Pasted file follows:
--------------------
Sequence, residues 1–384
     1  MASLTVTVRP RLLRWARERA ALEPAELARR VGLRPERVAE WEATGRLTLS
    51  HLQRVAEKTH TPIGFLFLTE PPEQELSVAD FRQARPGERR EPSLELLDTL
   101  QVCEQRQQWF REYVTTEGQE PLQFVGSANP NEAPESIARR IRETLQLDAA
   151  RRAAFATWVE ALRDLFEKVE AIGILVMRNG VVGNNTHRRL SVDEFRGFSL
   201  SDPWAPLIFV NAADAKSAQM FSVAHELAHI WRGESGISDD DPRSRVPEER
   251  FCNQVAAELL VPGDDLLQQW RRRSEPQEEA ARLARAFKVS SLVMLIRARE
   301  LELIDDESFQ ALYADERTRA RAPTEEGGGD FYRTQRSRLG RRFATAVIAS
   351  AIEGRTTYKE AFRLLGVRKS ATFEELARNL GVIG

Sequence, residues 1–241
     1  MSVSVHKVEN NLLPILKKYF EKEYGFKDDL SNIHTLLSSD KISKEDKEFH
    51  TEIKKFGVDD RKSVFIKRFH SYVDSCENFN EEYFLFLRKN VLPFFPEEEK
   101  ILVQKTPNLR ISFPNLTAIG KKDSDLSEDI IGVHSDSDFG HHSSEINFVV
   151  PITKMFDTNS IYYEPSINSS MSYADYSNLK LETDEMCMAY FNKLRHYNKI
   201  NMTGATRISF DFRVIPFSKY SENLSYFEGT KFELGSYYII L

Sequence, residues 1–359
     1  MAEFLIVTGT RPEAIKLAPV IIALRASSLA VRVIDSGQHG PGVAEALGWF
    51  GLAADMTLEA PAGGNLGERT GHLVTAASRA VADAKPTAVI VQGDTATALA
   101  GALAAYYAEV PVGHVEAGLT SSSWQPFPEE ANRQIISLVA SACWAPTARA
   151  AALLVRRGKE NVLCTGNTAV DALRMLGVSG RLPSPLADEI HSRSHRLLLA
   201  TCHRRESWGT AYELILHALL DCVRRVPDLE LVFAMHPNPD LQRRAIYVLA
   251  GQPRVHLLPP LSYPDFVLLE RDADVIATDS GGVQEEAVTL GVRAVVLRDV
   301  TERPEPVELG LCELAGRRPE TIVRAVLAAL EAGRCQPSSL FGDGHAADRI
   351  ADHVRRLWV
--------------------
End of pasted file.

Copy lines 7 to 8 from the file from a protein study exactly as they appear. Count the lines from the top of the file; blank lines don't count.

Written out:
   251  FCNQVAAELL VPGDDLLQQW RRRSEPQEEA ARLARAFKVS SLVMLIRARE
   301  LELIDDESFQ ALYADERTRA RAPTEEGGGD FYRTQRSRLG RRFATAVIAS